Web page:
Maybe that’s what loving your enemy looks like or what reconciliation looks like, or at least how those things might stand a chance of coming to be in this broken world. Desperate times call for desperate measures they say, at least when it comes to healing.  And we know what those measures need to be:  Sharing. Praying. Listening. Loving. Forgiving. And loving some more.

May we be given the strength to do them.


Surrendering Distance

The Rev. Jennifer Adams – January 29, 2017 – Epiphany 4, Year A: Micah 6:1-8, Matthew 5:1-12

So one of the somewhat seductive options available to those of us who have privilege in this world (and while there is a range of privilege among us for sure, in the global sense we all have it…) one of the options for those of us who have privilege in this world is distance. On any given day, I can step back and I can step out. I can turn off my television, my radio, step away from my newsfeed.  I can close my front door, or go for a walk in the woods, or go look at the lake, or immerse in a good book that carries me far away.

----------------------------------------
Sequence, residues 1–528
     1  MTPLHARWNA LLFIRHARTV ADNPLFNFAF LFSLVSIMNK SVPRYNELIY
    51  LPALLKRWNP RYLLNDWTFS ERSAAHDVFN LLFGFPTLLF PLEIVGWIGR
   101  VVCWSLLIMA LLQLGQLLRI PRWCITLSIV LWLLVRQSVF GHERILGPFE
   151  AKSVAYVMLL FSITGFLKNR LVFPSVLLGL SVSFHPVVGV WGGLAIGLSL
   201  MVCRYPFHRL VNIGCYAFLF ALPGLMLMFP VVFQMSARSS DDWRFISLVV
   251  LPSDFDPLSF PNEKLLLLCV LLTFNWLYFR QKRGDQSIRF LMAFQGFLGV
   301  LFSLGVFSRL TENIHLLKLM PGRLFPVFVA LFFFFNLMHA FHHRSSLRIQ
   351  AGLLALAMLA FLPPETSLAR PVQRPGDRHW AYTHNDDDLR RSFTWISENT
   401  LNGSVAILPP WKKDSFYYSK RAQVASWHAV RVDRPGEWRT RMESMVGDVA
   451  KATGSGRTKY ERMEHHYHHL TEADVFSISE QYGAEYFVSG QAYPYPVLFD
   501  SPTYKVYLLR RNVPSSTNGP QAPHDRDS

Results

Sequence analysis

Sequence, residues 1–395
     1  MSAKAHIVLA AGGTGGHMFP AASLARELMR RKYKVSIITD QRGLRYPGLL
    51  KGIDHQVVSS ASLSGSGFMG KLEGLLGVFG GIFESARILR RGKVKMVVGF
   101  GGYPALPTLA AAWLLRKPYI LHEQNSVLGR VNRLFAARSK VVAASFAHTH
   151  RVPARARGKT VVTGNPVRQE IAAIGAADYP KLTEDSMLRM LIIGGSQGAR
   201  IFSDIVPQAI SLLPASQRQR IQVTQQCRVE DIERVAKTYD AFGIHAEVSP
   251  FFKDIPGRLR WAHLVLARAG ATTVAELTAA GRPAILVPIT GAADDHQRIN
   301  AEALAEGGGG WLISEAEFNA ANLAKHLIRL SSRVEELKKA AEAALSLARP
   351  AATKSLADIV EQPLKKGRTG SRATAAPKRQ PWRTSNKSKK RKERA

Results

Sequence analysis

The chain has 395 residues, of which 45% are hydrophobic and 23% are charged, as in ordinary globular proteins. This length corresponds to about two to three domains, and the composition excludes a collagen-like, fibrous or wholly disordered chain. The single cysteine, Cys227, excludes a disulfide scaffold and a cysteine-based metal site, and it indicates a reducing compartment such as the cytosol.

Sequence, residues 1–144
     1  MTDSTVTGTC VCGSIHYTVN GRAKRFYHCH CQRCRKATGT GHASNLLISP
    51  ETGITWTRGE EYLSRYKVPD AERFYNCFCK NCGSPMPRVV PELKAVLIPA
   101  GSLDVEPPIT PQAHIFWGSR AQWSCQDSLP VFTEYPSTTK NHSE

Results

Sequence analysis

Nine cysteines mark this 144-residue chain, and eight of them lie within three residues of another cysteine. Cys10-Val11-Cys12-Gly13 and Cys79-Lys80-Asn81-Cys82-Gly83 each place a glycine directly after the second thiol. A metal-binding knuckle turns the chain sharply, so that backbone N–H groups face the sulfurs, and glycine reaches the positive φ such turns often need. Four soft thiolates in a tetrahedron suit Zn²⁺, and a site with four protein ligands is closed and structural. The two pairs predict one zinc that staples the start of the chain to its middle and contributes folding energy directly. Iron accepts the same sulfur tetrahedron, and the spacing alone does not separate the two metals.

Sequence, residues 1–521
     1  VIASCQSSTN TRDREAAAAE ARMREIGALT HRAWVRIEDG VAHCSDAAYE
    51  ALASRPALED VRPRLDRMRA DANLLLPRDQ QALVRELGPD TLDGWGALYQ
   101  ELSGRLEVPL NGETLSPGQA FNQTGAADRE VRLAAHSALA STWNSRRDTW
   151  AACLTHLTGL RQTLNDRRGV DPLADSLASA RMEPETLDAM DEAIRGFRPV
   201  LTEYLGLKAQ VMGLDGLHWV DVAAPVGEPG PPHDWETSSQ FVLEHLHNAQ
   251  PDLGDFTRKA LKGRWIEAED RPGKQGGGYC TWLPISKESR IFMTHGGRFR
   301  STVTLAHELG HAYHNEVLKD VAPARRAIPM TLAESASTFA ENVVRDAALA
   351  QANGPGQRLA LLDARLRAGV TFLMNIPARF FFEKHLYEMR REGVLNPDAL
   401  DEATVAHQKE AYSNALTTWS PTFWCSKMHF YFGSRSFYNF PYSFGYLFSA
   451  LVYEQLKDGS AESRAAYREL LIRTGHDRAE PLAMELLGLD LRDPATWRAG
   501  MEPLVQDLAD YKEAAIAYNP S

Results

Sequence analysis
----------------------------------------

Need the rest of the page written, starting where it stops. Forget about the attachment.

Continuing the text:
Now I do want to encourage all of us to do all of those things, or some semblance of them on a very regular basis.  Woods are good for us. Large bodies of water that can quiet our minds and still our souls are good too and being faithfully discerning about input is an increasingly critical skill these days. Creating time that is “separation from it all” is healthy and serves us well, and ultimately allows us to serve better than we otherwise would.  So I urge all of us to do those kinds of things on a very regular basis.  And I promise to focus in a little more on that dimension of faith in another sermon.

But today I hear the prophet Micah, I hear Jesus teach the Beatitudes and I hear the cries of this world and the option for distance is one that I need to faithfully surrender.  And I invite you to surrender a bit also. “What does the Lord require of us?” the prophet asks, “To do justice, and to love kindness, and to walk humbly with our God.”